Prayer and Fasting

It rained cats and dogs this morning when Bernie and I went up to Little Falls to park cars at the Boys & Girls Club. We went over to Reality Roasters and schmoozed with Mark Nygren for a while. He gave me one  shot of the strongest coffee I have ever had. No nap this afternoon even though it would be lovely given the rain and all.

Yesterday, Sept. 7, was proclaimed by the new Franciscan Pope Francis to be a day of prayer and fasting for Syria. I thought I would try the fasting , ala Muslim Ramadan. My granddaughter, visiting from Turkey informed me of a couple of things about how Muslims make it through their very difficult days of Ramadan. They fast from sunrise to sunset each day. But here is the secret: they sleep through half of it. She told me that while she was over there, they would get up before sunset, eat, and go back to bed until later which shortened the actual awake fasting time. She also told me that every few hours, a prayer would come over the loud speakers all over town. I asked if that made them remember how long it had been since they ate. She said, no, it helped them remember how much shorter the time was before  they could eat again. Here in America, we couldn’t do the prayer over the loud speaker thing, but we do have church bells…that would certainly work for some who wanted to fast during their work time. People could make up their own prayers when the bells ring…I like that idea.

Anyway, I got up early and ate some boiled eggs and whole wheat toast before sunrise. Protein, I have learned, satisfies my hunger way longer than other foods. As Bernie and I were driving out of the yard, we spotted a white dove on the roof of our shed. Doves, you know, represent peace (remember Noah) and white doves represent the divine (remember Jesus’ baptism). I felt encouraged by the bird, as though I weren’t doing this sacrifice alone.

All went well until we got home from doing our task. I drank water, which apparently Muslims don’t. My granddaughter told me I am exempt because I am old. I decided to take a nap, which I’d hoped would shorten the fasting time. Unfortunately, there were a series of phone calls coming in that made me keep hopping out of bed, so that didn’t work well. I was aware of the time exactly half way between sunrise and sunset: 1:15 pm. When that struck, I thought, “That was easy.” But I was wrong. The second half of the fast was way more difficult than the first. My stomach began to growl. I spent a good part of the afternoon thinking about what I would fix for my sunset supper. I thought about fried tomatoes, but decided I wanted something that didn’t take so much attention to fix. I knew it would be difficult to stand in front of the stove for any length of time. I settled on fried zucchini, tomato and basil over pasta. Then I did some needle work and watched TV to keep me occupied. Bernie ate his supper on the porch so I would not have to watch him while I waited for the sun to go down. I thanked him for that.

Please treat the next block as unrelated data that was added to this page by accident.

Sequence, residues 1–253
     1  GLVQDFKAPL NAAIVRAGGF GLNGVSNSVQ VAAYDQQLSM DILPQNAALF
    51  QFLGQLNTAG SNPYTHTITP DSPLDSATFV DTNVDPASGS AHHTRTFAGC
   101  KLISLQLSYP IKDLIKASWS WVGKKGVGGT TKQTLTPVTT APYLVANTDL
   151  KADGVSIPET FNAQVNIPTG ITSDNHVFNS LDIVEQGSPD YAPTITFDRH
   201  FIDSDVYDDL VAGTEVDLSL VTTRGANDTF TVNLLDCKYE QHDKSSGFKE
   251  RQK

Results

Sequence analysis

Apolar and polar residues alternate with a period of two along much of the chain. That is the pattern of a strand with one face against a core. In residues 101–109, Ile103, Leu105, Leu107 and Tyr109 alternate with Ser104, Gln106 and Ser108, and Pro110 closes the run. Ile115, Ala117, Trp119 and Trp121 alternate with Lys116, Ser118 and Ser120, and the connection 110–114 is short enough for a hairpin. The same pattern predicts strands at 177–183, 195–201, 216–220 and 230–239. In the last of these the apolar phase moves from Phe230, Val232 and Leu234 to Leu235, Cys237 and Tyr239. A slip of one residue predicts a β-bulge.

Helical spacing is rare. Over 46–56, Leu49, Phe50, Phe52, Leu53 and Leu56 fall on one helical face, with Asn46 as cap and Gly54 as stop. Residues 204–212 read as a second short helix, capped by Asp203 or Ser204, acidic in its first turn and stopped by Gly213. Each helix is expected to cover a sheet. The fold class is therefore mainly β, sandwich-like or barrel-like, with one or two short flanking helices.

Well, I made it. I broke my fast at the exact minute that the sun sunk into the horizon. I was very proud of myself. I have to say, food tastes really terrific when one is really hungry.

One more thing: the prayer part. I reflected on what it might be like to be an adult living with children who are hungry. Would I be able to let my portion go to the children? I thought my fasting would help toughen me up. My growling stomach reminded me of those who go hungry each day all over the world. Whenever I felt slightly weak, I thought about the people in the Middle East who are suffering right now and prayed for wisdom for our world leaders.

Now, if you are tempted to in any way to make fun of Middle East Muslims for their fasting habits, let me remind you of the Catholics who are known to eat shrimp and lobster on Fridays during Lent. No stone casting!

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